The following is a report of how major bills fared in Congress last week and a record of how local members of Congress voted.

Maryland senators are Democrats Paul S. Sarbanes and Barbara A. Mikulski. Virginia senators are Republican John W. Warner and Democrat Charles S. Robb.

Maryland representatives to the House are Roy P. Dyson (D-1st), Benjamin L. Cardin (D-3rd), Tom McMillen (D-4th), Steny H. Hoyer (D-5th), Beverly B. Byron (D-6th), and Constance A. Morella (R-8th).

Virginia representatives are D. French Slaughter (R-7th), Stan Parris (R-8th), and Frank R. Wolf (R-10th).

NV means Not Voting.

TO PASS SPENDING BILL

By a vote of 335 for and 74 against, the House adopted the conference report on a bill (HR 5257) appropriating $182.2 billion in fiscal 1991 for the departments of Health and Human Services, Education and Labor and related agencies. The cost to taxpayers is more than 14 percent over the comparable 1990 bill. The budget for HHS will rise to $146.2 billion (up 17 percent), Education to $27.4 billion (up 13 percent) and Labor to $7.5 billion (up 11 percent). Though much higher than the year before, these budgets do not violate the five-year, $500 billion deficit-reduction legislation. This shows that the touted $300 million "savings" or "cuts" on the expenditure side of the deficit bill are not true reductions but only a slowing of planned spending growth. Only the post-Cold War defense budget among the 13 appropriations bills is lower in 1991 than in 1990. A yes vote supported the $182.2 billion appropriations bill.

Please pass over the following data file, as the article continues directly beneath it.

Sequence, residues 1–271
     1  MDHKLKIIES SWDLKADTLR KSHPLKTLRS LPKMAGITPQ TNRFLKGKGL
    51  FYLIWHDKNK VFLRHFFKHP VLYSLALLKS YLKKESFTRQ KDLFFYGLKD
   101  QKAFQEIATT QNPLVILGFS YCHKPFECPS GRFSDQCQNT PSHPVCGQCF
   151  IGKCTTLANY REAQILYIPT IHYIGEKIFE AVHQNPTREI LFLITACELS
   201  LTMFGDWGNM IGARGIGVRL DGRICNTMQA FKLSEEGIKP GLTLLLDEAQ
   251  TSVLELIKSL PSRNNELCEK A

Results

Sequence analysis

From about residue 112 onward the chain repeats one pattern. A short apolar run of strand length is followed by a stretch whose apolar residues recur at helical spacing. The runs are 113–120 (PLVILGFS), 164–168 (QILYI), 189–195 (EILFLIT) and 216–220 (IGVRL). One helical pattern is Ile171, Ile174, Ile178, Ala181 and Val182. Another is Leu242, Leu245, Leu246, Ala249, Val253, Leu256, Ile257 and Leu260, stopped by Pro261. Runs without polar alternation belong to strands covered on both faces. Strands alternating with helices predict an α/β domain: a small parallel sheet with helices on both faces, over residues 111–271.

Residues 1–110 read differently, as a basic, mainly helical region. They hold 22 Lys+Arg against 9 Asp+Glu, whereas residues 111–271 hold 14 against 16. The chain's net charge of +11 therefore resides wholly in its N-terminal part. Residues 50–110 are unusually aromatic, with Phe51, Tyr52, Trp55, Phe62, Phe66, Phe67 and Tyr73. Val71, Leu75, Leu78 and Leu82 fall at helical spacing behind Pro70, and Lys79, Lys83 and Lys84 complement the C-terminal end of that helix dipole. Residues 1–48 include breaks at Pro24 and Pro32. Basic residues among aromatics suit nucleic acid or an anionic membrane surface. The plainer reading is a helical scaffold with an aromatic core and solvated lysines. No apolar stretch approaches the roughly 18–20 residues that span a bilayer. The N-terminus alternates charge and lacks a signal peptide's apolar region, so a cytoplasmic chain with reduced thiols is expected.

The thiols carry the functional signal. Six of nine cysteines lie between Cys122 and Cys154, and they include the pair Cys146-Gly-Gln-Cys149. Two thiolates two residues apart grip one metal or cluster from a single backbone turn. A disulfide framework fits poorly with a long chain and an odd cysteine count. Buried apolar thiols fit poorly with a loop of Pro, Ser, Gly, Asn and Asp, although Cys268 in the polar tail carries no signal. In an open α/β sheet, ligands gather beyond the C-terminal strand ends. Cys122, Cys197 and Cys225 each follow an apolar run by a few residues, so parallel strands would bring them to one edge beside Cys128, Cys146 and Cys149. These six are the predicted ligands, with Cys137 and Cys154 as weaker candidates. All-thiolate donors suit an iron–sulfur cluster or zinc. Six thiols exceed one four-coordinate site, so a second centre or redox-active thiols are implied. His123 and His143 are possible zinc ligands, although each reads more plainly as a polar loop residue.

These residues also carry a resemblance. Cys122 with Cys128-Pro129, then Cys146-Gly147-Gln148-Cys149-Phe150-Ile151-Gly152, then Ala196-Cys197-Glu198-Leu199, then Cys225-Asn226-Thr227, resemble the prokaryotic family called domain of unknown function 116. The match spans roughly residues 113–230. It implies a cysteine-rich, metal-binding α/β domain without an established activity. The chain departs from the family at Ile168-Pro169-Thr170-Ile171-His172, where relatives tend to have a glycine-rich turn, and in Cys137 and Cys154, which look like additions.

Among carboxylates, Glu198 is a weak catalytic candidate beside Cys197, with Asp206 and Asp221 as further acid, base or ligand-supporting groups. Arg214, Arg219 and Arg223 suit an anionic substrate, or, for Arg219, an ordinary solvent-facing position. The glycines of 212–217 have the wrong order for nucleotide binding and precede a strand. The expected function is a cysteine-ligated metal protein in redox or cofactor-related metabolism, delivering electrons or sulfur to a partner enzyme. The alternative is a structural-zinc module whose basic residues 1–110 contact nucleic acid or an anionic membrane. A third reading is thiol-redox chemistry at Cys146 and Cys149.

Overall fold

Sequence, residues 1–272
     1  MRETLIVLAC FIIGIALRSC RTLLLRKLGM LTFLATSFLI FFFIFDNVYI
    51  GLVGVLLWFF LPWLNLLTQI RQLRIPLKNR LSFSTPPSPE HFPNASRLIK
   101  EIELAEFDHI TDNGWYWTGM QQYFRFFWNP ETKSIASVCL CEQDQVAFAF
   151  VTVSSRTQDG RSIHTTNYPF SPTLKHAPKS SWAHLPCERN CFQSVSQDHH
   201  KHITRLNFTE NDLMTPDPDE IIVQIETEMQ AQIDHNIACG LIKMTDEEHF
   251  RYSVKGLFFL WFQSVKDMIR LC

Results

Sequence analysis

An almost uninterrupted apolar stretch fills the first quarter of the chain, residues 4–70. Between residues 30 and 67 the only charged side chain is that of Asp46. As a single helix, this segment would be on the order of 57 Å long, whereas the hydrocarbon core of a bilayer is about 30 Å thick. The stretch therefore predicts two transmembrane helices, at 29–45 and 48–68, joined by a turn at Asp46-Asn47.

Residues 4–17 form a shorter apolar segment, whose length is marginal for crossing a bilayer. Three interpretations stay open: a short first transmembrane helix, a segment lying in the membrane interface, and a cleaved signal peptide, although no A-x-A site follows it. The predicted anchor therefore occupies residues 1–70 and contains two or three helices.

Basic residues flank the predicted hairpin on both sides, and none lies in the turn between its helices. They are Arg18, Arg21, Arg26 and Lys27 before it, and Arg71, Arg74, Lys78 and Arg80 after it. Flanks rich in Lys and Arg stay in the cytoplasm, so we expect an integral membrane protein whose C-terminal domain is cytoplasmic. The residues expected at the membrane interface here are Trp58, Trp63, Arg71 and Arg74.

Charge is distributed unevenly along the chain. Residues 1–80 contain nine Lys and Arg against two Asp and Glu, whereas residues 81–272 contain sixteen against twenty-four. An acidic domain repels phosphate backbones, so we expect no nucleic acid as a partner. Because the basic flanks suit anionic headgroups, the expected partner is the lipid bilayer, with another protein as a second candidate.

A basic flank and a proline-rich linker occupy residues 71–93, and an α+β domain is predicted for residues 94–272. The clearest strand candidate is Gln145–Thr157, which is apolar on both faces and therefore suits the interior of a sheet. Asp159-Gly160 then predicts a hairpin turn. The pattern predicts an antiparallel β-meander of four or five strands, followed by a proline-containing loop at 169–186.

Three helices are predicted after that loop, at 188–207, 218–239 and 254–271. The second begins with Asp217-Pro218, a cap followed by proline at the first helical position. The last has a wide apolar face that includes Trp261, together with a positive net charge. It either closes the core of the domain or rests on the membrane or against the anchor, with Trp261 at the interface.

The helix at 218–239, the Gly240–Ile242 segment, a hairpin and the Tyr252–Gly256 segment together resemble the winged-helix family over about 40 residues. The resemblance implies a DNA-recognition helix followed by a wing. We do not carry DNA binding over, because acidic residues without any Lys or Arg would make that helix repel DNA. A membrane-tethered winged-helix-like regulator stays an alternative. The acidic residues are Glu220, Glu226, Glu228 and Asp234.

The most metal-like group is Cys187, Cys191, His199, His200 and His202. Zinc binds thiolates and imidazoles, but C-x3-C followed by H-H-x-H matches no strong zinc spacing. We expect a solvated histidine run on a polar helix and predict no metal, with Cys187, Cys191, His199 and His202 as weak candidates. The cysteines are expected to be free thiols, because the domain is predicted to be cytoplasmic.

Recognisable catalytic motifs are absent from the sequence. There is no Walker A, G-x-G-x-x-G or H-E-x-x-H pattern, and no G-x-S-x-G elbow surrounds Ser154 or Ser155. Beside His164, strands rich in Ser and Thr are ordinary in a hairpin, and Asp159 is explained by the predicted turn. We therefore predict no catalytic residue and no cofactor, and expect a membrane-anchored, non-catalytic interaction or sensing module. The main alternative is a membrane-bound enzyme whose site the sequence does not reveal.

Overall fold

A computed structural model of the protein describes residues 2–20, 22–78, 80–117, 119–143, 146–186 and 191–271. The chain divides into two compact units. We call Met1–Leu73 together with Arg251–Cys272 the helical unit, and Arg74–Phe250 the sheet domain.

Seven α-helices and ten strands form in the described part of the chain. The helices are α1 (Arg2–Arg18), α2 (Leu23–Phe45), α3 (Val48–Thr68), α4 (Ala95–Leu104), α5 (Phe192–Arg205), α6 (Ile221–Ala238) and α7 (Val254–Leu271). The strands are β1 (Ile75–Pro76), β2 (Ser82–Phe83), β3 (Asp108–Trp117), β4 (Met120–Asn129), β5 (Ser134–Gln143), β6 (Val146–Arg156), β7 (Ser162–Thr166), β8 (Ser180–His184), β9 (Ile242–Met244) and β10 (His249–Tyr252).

.........Yes......No.......NV

Byron.....X

Hoyer.....X

Parris....X

Cardin....X

McMillen..X

Slaughter........X

Dyson.....X

Morella...X

Wolf......X

CONGRESS' OWN BUDGET

By a vote of 249 for and 161 against, the House cut 2 percent, about $35 million, from the fiscal 1991 budget for Congress and its agencies. The cut was made in proposed spending of about $1.74 billion for all congressional operations except the Senate, which later added its own budget. When the bill emerged from the Senate (below), its cost was $2.08 billion, about 5 percent over the comparable 1990 bill. Salaries for lawmakers and staff, mailing costs, travel and expense accounts are among the hundreds of items funded by the legislative branch appropriations bill (HR 5399). A yes vote was to cut Congress' own budget by 2 percent.

..........Yes......No.....NV

Byron.....X

Hoyer..............X

Parris....X

Cardin.............X

McMillen...........X

Slaughter.X

Dyson.....X

Morella...X

Wolf......X

'PORK BARREL'